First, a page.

AIDS is a disease that was spread, at first in the developed world, mainly by conscious, though rarely intentional, behavior. Questions of individual responsibility and liability, both moral and legal, were vital. The infected often transmitted disease by actions they could have avoided. How could they be discouraged before the fact? How could they be punished afterward? Criminal and civil law, not just public health, were seen as part of the solution in all developed nations. The penal and civil codes were used to control transmissive behaviors and to hold transgressors liable. Indeed, in certain respects, the criminal law helped...

  11. 5. Discrimination and Its Discontents: Protecting the Victims
    (pp. 99-124)

    Throughout the industrialized world, the law was used to discourage and punish risky behavior. Typically, it both outlawed potentially transmissive conduct and increased sentences for acts aggravated by the threat of infection: rape, child abuse, and assault, especially on police or medical personnel. But in other cases, the interaction of the law and HIV meant attempts at mercy and moderation. Compassionate release of prisoners was one example. Should an incurable and lethal ailment be considered when sentencing or paroling inmates or setting them free? In Poland, prisoners deliberately infected themselves in hopes of having their terms reduced. Courts, in turn,...

  12. 6. Every Man His Own Quarantine Officer: The Voluntary Approach
    (pp. 125-152)

    At first, many observers assumed that inherited public health policies could be used without friction against AIDS. Events proved otherwise. AIDS threw a fistful of wrenches into the works of traditional contagious disease control. Caused by a new, scarcely understood, and extremely protean class of infectious agents—retroviruses—it was a disease whose nature resisted treatment and cure. There was little hope of a technical fix, and none for a quick one. On the other hand, the extraordinarily rapid development of knowledge about the disease allowed interventions more precisely targeted at risk behaviors and risk groups than had been possible...

  13. 7. The Polymorphous Politics of Prevention
    (pp. 153-164)

    The developed nations took more divergent approaches to the AIDS epidemic than might have been expected, given the broad similarity of the problem in each and the globalization of scientific and epidemiological knowledge. The British reacted early and effectively, the state taking a leading role and following historical precedents that pointed it in a consensual and voluntaristic direction. A massive public education campaign began in 1986, and a Cabinet committee was established, one that included everyone concerned short of the prime minister herself. A parliamentary select committee and an AIDS unit in the Department of Health were set up; extra...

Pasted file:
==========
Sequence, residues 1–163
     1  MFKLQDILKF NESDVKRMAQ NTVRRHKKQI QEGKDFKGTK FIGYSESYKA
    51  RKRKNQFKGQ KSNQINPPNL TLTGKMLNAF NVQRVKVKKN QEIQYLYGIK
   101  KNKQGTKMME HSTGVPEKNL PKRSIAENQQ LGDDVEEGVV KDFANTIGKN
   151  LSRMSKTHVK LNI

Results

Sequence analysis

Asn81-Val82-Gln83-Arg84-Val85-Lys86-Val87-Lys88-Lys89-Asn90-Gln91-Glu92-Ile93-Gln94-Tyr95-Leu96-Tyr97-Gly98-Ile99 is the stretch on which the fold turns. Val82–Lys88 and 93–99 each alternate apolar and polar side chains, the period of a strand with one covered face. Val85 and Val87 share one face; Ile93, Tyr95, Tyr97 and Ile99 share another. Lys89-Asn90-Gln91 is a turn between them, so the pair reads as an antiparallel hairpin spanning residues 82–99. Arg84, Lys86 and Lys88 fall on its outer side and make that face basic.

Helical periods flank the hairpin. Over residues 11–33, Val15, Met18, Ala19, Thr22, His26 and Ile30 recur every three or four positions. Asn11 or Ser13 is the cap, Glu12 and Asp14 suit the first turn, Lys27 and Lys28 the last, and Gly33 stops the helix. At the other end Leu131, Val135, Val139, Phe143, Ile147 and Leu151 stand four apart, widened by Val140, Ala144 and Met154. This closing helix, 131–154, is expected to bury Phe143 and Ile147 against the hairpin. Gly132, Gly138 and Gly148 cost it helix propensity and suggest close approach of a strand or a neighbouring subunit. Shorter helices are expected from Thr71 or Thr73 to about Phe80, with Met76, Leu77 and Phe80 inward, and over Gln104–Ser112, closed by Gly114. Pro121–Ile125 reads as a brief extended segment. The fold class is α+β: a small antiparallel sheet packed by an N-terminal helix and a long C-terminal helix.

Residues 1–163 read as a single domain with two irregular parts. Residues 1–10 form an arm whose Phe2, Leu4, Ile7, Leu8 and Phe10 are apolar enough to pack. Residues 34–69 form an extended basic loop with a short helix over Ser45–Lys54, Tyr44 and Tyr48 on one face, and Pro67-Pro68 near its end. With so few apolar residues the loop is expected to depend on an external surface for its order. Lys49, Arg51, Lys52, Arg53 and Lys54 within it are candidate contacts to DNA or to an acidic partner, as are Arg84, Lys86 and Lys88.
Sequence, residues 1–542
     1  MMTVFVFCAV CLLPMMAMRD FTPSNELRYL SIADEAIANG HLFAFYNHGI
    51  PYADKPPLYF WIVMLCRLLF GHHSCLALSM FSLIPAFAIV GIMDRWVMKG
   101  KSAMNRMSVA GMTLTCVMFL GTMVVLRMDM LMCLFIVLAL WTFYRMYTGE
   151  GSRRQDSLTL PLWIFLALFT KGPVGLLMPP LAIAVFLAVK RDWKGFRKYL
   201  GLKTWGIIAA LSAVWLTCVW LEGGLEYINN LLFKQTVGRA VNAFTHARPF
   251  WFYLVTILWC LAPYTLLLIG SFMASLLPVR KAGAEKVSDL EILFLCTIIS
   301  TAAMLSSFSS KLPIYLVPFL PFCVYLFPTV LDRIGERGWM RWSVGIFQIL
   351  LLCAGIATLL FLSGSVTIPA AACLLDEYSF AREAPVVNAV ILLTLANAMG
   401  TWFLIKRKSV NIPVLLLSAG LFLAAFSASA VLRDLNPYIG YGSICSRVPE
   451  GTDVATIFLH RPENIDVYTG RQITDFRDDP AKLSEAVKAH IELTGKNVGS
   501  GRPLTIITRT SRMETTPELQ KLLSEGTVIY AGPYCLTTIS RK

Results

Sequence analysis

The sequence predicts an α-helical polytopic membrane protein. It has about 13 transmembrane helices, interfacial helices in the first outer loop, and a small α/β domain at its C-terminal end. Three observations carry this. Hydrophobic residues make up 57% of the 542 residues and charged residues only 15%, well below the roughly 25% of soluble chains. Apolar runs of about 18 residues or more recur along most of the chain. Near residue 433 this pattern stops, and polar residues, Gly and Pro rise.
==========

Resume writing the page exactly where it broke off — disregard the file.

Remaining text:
14. 8. To Die Laughing: Gays and Other Interest Groups
    (pp. 165-201)

    For diseases, the interest group most concerned should—in theory—be easy to identify. In large measure, it is created by the affliction. The (potentially) ill have obvious interests in research, in treatment, and in compensation for damages. And, in fact, political mobilization on this basis takes place. This explains, for example, why breast cancer has gone from being underresearched to receiving a generous share of resources—but not perhaps why it has taken longer for prostate cancer. It accounts for why a problem like Lyme disease, afflicting suburban commuters, receives attention, while the all-too-common and preventable diseases that kill...

  15. 9. Vox Populi Suprema Lex Est: Expertise, Authority, and Democracy
    (pp. 202-226)

    Public opinion influenced responses to the epidemic. Yet opinion’s effect was in turn shaped by the nature of the state. How permeable to grassroots fears was it? How able to resist easy but vindictive solutions at the expense of vulnerable minorities?

    Faced with past epidemic, the public had—not surprisingly—been fearful and anxious. It often clamored for the authorities to take decisive, even harsh, actions, and was willing to blame scapegoats: Jews during the plague of the Middle Ages; Germans in Philadelphia for yellow fever in the 1790s; the poor, Jesuits, and physicians for cholera in the 1830s; the...

  16. 10. Clio Intervenes: The Effect of the Past on Public Health
    (pp. 227-243)

    The nations under the glass here approached an epidemiologically similar problem in quite different ways, and did so for many different reasons. Yet the multiple causal roots of policy divergence must not obscure this book’s central observation: national public health strategies adopted during the AIDS era were remarkably similar to those that had governed contagious disease for at least the last century. Like generals fighting the previous war, surgeons general and their counterparts wheeled out the inherited preventive artillery when faced with a new disease. Even the novelties introduced to account for the unusual characteristics of the AIDS epidemic could...

  17. 11. Liberty, Authority, and the State in the AIDS Era
    (pp. 244-290)

    In the age of globalization, HIV is among the most cosmopolitan of life-forms, at home the world over. Despite attempts by even the most isolated of polities to exclude it, it has wrought devastation with grim uniformity everywhere. And yet this ecumenical aggressor has been met and dealt with very differently across the world. Why?

    To understand why different nations, even ones with similar cultures and political systems, have pursued various strategies against the epidemic,we need to appraise many factors: the balance of political forces within each nation, the importance attached to privacy, approaches to sexuality, the relative commitment to...

  18. Notes
    (pp. 291-448)
  19. Index
    (pp. 449-465)
  20. Back Matter
    (pp. 466-466)